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Top Alzheimer's expert, Celgene, Sanofi execs charged as insider trading cases multiply

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The SEC has hauled a group of biopharma executives into court, including Celgene's director of financing, charging them with running a sophisticated insider trading ring involving several old high school chums. And soon after that case came down, a former portfolio manager at SAC Capital was arrested for allegedly snagging a whopping $276 million in illicit gains after getting an insider tip from a leading Alzheimer's specialist about the 2008 failure of bapineuzumab, which had been a hot prospect for Alzheimer's.

In SEC documents, John Lazorchak, the director of financial reporting at Celgene ($CELG), was named one of the ringleaders, along with Mark Cupo, the director of accounting and reporting at Sanofi ($SNY) and Stryker's ($SYK) Mark Foldy, who worked in marketing. They picked up insider tips on acquisitions and regulatory applications, feeding the information to others who would buy and sell the stock. And in an attempt to cover their tracks, the traders kept up a regular series of trades in the three companies to hide the quick hits. 

It all got started, says the SEC, when Lazorchak and Cupo, who had worked together at Sanofi, were chatting about Celgene's upcoming deal to buy Pharmion in late 2007. A friend they added to the circle put them in touch with a trader, who snapped up shares ahead of the $2.9 billion acquisition, which paid a 46% premium. 

The SEC says the men eventually split up $1.7 million in illicit profits generated from 11 tips. Lawrence Grum, a friend of a high school friend, told Cupo they would probably never be caught, with the SEC too short staffed to track down all the insider trading going on. "At the end of the day," Grum allegedly told Cupo, "the SEC's got to pick their battle because they have a limited number of people and a huge number of investors to go after."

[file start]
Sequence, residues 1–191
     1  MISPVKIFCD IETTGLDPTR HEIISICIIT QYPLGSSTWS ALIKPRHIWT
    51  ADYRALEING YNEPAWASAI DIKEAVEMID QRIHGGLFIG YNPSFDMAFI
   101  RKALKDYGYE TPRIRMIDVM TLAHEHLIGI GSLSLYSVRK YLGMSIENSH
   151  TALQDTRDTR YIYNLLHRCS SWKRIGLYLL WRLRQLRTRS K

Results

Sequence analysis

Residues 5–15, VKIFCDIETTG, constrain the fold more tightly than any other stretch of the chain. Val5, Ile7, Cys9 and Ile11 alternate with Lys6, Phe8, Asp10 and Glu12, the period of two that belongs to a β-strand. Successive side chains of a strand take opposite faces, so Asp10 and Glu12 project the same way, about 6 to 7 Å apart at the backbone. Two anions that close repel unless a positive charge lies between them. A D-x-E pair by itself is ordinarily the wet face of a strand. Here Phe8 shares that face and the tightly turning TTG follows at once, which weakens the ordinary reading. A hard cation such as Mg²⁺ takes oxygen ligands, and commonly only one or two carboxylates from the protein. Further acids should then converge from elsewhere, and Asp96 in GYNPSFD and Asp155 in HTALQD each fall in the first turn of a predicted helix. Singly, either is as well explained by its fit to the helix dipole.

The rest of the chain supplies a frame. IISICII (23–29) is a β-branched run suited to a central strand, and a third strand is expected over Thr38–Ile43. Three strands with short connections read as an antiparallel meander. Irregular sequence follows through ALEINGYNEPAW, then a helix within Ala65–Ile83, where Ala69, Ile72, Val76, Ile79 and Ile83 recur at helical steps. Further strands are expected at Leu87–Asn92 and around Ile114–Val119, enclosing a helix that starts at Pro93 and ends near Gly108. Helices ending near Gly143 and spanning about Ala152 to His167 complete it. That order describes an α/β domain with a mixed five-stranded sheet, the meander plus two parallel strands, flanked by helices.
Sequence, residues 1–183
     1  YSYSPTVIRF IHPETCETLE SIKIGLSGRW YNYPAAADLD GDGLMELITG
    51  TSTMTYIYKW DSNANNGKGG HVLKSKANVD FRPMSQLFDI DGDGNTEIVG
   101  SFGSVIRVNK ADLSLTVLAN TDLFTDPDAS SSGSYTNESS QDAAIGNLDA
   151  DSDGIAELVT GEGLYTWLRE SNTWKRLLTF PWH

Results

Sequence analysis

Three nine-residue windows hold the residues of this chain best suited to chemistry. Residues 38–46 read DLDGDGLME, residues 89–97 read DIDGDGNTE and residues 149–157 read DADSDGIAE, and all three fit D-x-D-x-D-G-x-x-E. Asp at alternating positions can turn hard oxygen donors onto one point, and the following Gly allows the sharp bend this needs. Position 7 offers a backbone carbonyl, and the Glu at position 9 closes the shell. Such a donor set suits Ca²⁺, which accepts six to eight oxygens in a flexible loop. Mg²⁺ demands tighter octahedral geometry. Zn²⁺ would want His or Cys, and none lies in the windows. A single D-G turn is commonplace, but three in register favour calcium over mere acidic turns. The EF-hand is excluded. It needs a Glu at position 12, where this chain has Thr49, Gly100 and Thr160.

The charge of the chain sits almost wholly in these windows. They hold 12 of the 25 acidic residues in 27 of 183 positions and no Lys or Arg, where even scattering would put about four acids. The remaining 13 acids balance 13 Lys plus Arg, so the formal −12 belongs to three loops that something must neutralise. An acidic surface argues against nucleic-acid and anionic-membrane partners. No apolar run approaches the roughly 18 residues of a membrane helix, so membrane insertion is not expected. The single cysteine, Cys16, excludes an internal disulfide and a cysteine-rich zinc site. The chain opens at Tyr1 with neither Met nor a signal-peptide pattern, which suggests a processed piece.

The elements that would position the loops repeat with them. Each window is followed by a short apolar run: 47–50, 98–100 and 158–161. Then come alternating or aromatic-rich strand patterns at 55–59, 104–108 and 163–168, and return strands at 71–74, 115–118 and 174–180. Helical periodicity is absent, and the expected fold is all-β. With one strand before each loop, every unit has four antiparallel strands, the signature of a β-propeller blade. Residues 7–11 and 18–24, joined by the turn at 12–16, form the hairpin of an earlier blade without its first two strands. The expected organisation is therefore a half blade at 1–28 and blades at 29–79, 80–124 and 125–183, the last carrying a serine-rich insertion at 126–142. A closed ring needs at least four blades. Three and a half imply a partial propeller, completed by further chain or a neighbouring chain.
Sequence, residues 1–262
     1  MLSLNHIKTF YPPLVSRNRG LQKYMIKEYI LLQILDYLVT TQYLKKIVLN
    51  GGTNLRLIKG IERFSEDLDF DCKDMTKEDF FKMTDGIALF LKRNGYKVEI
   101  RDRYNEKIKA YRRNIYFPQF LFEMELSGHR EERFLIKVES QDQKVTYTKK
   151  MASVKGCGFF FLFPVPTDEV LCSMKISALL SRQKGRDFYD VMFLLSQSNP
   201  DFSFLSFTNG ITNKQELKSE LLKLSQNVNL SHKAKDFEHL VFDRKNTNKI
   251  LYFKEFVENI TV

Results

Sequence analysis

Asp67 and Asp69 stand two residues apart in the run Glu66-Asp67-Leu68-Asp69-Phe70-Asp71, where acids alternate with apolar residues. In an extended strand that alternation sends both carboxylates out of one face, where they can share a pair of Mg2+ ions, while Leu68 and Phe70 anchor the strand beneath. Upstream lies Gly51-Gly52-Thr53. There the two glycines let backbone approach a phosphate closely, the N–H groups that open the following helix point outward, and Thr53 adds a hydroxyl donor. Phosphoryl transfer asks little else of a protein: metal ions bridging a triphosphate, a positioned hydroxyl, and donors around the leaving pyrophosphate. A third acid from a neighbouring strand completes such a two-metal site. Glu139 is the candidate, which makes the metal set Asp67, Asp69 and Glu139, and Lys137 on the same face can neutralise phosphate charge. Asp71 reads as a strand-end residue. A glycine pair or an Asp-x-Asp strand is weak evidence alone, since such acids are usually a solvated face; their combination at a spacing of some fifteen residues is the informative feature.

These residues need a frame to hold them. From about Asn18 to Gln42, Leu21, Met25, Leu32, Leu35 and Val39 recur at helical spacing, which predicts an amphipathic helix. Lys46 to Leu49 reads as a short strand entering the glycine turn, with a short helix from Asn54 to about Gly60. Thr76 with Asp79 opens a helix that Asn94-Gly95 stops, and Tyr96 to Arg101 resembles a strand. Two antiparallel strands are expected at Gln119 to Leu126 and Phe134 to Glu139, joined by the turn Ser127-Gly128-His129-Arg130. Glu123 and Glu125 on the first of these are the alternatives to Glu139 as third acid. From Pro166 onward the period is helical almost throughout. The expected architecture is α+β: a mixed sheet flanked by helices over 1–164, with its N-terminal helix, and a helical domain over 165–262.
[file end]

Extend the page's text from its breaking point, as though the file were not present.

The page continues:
The FBI, meanwhile, arrested Mathew Martoma in Boca Raton for what it believes to be "the most lucrative insider trading scheme ever charged, resulting in benefits to the hedge fund of more than a quarter of a billion dollars." 

Martoma allegedly found out from Sidney Gilman, a leading Alzheimer's investigator at the University of Michigan, that bapineuzumab--then owned by Wyeth and Elan--had failed a key study. Not only did the hedge fund sell all of its shares in the two companies, they shorted the developers as well. And they made a killing when the share price for both cratered on the news. Gilman, who reportedly was connected to Martoma through an expert networking firm that paid him $100,000, is now cooperating with the feds.

Over the past couple of years the SEC has found that the biopharma industry has been rife with insider trading. There have been cases involving Abbott ($ABT), Bristol-Myers ($BMY), Sanofi, Array BioPharma ($ARRY) and others. And most revolve around M&A deals, which were certain to trigger sharp spikes in the shares of the companies which were being bought out.  

- here's the press release from the SEC
- see the report from the Financial Times on the bapineuzumab case
- read the New York Times story on Martoma and Gilman

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